Camp Foster welcomes Marines, sailors returning from Iraq duty
September 20, 2006
CAMP FOSTER, Okinawa — With street lamps barely illuminating the early morning darkness, Capt. Ronney Herrera saw for the first time his year-old son take teetering steps.
“It’s overwhelming,” he said. “When we left he was so tiny — only 4 months.”
Herrera and 46 other Marines and sailors with the 3rd Transportation Support Battalion returned to Okinawa on Monday from a seven-month deployment in Iraq. More than 100 others with the battalion returned Sept. 7.
“Seven months goes by fast,” Herrera said. “But at the same time, you miss a lot.”
The Marines were supposed to return either Friday or Saturday, but Typhoon Shanshan delayed their arrival back at the company’s barracks until shortly after 3 a.m. Monday.
“The time changed five or six times. They need to start scheduling these typhoons,” joked Somika Carr, who along with her two children was there to greet husband Sgt. Willie Carr.
She and the other eager family members quietly awaited the Marines in the parking lot of the barracks, with some of the younger ones crashed out in the back seat of cars until the big moment.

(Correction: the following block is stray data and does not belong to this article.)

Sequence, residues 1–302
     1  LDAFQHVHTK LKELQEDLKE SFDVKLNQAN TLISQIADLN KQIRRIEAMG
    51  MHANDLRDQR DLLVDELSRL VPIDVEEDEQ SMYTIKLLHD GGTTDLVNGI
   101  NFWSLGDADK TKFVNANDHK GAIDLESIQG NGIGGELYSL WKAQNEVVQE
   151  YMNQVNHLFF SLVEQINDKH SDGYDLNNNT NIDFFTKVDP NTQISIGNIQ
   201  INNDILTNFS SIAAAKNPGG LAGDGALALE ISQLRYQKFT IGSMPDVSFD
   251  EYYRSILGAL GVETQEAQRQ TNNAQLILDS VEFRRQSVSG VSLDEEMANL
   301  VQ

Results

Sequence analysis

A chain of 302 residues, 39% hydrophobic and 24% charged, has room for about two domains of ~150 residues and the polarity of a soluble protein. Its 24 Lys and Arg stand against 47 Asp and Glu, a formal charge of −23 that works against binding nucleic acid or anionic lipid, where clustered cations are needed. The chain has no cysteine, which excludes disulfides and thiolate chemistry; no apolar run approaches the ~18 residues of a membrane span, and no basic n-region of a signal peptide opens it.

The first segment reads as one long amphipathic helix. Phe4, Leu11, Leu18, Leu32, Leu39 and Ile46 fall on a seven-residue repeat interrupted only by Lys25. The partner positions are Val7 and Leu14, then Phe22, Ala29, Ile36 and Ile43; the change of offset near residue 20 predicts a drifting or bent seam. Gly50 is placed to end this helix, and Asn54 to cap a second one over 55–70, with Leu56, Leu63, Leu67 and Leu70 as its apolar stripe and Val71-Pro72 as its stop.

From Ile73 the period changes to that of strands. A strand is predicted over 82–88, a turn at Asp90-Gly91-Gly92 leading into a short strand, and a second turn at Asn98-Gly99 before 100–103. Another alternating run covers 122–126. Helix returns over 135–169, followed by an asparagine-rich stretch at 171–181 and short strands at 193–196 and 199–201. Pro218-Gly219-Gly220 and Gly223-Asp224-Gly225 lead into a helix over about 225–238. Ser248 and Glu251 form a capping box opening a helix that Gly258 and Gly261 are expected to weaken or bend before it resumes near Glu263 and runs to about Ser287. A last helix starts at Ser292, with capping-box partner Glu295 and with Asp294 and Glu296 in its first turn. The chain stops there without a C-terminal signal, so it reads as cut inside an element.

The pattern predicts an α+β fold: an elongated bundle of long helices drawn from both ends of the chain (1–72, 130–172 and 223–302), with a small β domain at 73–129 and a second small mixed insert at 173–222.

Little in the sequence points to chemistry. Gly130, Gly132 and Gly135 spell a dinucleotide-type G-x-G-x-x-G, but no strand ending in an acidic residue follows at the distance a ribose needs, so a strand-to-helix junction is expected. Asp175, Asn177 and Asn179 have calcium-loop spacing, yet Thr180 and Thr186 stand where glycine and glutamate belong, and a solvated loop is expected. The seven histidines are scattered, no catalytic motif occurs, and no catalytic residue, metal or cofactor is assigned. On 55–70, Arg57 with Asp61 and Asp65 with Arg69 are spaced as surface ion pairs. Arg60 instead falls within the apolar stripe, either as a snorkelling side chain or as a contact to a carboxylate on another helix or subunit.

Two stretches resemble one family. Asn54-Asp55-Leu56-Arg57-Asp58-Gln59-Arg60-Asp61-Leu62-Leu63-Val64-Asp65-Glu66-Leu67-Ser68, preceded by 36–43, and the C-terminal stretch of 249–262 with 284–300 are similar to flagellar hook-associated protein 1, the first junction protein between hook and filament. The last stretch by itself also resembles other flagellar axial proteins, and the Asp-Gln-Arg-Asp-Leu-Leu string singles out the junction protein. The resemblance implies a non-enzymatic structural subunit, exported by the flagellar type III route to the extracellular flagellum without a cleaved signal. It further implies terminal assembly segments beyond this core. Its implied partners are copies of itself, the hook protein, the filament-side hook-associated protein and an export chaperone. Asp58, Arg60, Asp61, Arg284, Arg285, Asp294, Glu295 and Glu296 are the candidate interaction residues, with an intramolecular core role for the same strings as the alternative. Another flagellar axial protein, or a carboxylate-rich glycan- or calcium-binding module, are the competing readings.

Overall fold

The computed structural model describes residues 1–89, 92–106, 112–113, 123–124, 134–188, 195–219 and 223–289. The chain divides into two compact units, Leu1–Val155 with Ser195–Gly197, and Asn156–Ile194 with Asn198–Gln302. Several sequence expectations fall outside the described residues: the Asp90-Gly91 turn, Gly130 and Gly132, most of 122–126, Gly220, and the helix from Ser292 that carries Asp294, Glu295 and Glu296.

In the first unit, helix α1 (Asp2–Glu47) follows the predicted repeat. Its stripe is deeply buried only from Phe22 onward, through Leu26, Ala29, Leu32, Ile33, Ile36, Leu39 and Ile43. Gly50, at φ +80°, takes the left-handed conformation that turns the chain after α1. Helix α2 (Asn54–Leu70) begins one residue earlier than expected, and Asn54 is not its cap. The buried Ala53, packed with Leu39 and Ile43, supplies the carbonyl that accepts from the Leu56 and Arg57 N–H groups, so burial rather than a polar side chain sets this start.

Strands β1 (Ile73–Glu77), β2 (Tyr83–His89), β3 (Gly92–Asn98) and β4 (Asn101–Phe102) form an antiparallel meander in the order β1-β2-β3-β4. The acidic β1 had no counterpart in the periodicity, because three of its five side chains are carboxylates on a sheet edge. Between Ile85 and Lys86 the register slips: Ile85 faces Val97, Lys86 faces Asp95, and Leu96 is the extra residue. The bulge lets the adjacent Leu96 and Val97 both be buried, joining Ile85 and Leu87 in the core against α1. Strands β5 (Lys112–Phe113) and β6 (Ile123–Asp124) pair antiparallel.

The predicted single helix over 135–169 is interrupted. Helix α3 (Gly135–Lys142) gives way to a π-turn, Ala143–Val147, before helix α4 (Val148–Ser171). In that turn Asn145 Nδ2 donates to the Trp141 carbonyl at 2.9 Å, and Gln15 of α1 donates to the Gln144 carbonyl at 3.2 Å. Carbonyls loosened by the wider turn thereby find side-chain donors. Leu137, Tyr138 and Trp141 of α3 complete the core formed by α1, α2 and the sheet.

“The anticipation is a killer,” Shelia Gray said shortly before the bus pulled up with her husband, Staff Sgt. John Gray, and the other Marines.
“Months ago I started counting down the days until he got back.”
For Sgt. Angeli Ortiz, who returned from Iraq earlier with the first contingent of the battalion, the last 10 days awaiting her husband’s arrival with the second contingent felt especially long and the anticipation was too much for her to sleep Saturday night.
“This is the first time we were separated,” she said about her husband, Cpl. Rodolfo Ortiz. “We were deployed at the same time but in separate areas.”
She served in Asad as a security commander, while her husband and the other returning Marines, who dealt primarily with convoys and did resupply missions, were attached to Combat Logistics Company 115 in Fallujah, Iraq.
Herrera, who was in Iraq during the initial invasion in 2003, said although there are still a lot of challenges to be faced, Fallujah has come a long way.
“The economy is visible and gradual improvements are being made,” he said.
Cpl. Joel Trevino said he was glad to be back and was looking forward to spending time with his buddies before rotating to a new duty station next month — but he added he would be proud to go back to Iraq.
“I think we got a lot accomplished,” he said.